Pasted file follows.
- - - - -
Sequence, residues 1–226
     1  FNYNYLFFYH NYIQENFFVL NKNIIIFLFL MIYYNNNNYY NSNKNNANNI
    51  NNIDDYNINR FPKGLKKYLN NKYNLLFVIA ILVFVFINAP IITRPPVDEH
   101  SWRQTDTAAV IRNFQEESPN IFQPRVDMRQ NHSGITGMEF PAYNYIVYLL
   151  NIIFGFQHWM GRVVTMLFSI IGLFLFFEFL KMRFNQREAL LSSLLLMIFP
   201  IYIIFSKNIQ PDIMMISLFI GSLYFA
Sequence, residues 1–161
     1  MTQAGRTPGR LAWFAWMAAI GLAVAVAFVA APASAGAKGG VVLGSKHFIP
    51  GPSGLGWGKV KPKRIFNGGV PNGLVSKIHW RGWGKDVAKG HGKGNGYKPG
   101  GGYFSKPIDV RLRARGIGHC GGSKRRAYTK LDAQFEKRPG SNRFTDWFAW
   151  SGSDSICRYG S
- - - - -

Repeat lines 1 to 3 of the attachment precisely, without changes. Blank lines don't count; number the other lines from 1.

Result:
Sequence, residues 1–226
     1  FNYNYLFFYH NYIQENFFVL NKNIIIFLFL MIYYNNNNYY NSNKNNANNI
    51  NNIDDYNINR FPKGLKKYLN NKYNLLFVIA ILVFVFINAP IITRPPVDEH